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Utopia Achieved: Call Me by Your Name

By Christopher Sharrett. I’ve kept in mind Luca Guadagnino since his 2009 film I Am Love, which made such good use of both Visconti and Renoir while creating a work wholly Guadagnino’s own. I was less impressed with A Bigger Splash (2015), which seemed to me a work poorly thought-through (Tilda Swinton as a stadium-style […]

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Beuys: Fame and the Pithy Statement

By John Duncan Talbird. “Everything under the sun is art,” Joseph Beuys famously – or fatuously, depending on your point of view – asserted. He also said “Everyone is an artist.” And: “I nourish myself by wasting energy” and “There’s no such thing as weekends” and “Nothing needs to remain the way it is.” He was […]

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Far From Complete – Ingrid Pitt, Queen of Horror: The Complete Career by Robert Michael “Bobb” Cotter

A Book Review by Tony Williams. Upon reviewing Ingrid Pitt, Queen of Horror: The Complete Career (McFarland, 2018, revised from a 2010 edition), I recalled my one and only meeting with Ingrid Pitt (1937-2001) was for an interview at a theatre in a location more aptly qualifies for the Apocalypse Now description “the asshole of […]

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Not Much Fun: Crazy Famous

By Elias Savada. Little did Elton John realize that the filmmakers behind Crazy Famous, a lame adventure comedy set in an Upstate New York asylum, might actually try to build a script reversing his quote, “Fame Attracts Lunatics,” into a torpid feature about to hit the VOD, Digital HD, and DVD markets where it might achieve […]

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Misapprehension of the Mainstream: Darkest Hour

By Dean Goldberg. Like many a baby-boomer it was television that brought the movies into my life and introduced me to the world of visual storytelling. If I had to pick a film that set the spark that became a full-fledged fire as I got older, it would have to be The Magnificent Seven (1961), directed […]

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Viva Jodorowsky!: The Holy Mountain by Allesandra Santos

A Book Review by Tony Williams. “I hate Spielberg, because none of his movies are honest…He is fascist, because America is the centre of his world. If I can kill Spielberg, I will kill Spielberg…I think Spielberg is the son from whom Walt Disney fucked Minnie Mouse.” (1) Despite denials to the contrary, the condemnation […]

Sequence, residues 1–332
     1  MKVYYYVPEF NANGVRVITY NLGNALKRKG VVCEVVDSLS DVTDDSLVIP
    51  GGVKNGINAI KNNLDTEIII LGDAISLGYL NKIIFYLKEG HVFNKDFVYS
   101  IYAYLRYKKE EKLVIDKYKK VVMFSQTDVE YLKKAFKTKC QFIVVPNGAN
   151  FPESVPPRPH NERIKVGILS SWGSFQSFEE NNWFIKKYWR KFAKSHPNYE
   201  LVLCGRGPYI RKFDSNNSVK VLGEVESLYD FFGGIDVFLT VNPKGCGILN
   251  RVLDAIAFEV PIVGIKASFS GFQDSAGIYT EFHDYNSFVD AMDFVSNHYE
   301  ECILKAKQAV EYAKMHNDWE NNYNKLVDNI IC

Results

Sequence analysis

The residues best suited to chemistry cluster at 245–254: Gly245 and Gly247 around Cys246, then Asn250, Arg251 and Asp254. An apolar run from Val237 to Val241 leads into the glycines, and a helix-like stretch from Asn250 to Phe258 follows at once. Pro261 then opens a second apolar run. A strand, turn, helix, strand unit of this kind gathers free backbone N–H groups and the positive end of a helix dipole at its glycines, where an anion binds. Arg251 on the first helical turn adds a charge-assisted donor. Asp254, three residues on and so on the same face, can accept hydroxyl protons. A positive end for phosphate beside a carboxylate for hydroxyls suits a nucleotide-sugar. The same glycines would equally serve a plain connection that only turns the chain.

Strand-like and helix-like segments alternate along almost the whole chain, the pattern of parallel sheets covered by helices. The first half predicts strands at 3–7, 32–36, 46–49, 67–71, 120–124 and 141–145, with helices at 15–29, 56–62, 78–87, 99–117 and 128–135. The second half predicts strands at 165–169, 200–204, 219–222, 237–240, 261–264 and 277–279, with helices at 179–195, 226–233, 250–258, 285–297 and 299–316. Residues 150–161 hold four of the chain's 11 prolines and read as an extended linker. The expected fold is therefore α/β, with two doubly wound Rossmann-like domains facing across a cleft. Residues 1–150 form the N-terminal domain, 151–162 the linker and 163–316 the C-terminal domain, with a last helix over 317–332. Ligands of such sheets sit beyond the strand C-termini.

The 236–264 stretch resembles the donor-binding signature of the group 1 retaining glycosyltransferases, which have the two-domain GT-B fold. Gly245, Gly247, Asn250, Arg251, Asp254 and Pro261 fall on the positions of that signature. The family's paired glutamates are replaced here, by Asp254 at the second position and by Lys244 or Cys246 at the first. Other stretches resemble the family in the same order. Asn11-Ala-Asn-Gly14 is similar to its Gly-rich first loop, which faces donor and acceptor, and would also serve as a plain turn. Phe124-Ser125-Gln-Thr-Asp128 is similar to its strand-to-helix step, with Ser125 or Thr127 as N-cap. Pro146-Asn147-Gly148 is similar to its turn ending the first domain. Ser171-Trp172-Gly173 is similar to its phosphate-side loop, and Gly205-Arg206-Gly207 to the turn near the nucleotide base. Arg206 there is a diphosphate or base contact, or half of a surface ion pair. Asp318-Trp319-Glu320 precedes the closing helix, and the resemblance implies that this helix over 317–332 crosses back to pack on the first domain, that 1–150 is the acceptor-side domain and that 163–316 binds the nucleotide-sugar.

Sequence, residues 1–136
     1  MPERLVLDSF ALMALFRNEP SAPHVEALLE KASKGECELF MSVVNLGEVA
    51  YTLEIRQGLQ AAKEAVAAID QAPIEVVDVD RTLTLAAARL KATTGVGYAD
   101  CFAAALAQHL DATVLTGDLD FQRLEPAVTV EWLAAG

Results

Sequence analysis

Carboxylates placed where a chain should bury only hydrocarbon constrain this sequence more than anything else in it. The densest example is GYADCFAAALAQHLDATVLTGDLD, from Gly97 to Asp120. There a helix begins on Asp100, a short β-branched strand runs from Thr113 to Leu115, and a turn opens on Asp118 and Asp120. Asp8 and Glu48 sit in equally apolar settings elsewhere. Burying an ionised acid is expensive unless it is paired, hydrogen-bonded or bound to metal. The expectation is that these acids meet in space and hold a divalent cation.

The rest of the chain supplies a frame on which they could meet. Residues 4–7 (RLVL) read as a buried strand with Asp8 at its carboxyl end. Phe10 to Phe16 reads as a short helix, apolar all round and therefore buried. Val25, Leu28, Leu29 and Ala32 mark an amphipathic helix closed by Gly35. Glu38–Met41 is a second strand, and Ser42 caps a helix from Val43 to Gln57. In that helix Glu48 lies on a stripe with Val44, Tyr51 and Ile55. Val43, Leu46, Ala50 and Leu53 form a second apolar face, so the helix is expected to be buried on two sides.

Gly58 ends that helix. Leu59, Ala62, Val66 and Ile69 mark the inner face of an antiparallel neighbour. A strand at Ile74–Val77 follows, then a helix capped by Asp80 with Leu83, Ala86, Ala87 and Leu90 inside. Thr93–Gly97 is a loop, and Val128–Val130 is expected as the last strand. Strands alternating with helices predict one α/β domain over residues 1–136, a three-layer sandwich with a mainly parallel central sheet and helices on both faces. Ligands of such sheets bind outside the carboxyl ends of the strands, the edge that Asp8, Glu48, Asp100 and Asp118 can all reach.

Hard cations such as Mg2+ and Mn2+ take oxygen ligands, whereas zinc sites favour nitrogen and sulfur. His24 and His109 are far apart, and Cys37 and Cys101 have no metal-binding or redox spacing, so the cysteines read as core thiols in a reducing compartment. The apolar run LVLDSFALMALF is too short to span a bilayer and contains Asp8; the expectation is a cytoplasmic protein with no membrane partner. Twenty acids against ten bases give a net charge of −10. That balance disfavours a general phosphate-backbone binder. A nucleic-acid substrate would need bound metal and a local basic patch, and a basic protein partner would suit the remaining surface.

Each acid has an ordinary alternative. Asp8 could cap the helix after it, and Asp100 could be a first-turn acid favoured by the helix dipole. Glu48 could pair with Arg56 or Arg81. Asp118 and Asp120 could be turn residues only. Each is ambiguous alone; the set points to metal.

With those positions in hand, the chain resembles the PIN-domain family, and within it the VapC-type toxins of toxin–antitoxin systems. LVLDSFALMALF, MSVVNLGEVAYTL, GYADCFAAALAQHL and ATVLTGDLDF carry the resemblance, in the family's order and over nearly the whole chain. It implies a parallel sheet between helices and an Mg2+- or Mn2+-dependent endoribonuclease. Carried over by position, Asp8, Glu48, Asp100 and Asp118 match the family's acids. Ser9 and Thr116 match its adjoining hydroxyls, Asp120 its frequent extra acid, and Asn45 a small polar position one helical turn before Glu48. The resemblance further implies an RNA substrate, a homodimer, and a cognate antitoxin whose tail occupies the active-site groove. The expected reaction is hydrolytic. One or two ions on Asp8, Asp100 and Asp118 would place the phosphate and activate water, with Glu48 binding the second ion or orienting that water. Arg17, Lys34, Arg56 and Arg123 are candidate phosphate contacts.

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The Question of Intelligence: Mother!

By Christopher Sharrett. The release last season of Darren Aronovsky’s Mother! was the unfortunate occasion for another assessment of the American mind. The reviewer chatter at the film’s release was on the order of “What’s he trying to say?” At the theater where I saw the film, angry patrons made remarks like “What was that all about?” […]

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The Dialectic of Historical Dictionaries: Peter Rollberg’s Historical Dictionary of Russian and Soviet Cinema (Second Edition)

A Book Review by Brandon Konecny. A history of soviet cinema, encompassing the films of Russia as well as the non-Russian former Soviet satellites, is an endeavor as large as the former empire itself, whose territory once covered approximately one sixth of the Earth’s surface. A project of that scale would demand countless hours of […]

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The Kids Are Alright: Miss Kiet’s Children

By Jeremy Carr. Young Haya is having a rough time. At the beginning of the documentary Miss Kiet’s Children, this precocious primary school student is terribly upset. She fell on her way to school and her pants are dirty. She is sad and shameful. Her teacher, Kiet Engels, offers to give her a new pair, but […]

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Swimming in Poetry: The Shape of Water

By Elias Savada. When Guillermo del Toro makes a film, people take notice. For me, these are delicious, often unsettling – and sensitive – events. Critics adore his unique skill and have grown accustomed to his stylish shadings; audiences may be put off by his films’ strangeness, a tendency to excite with explicit sexuality and violence, […]

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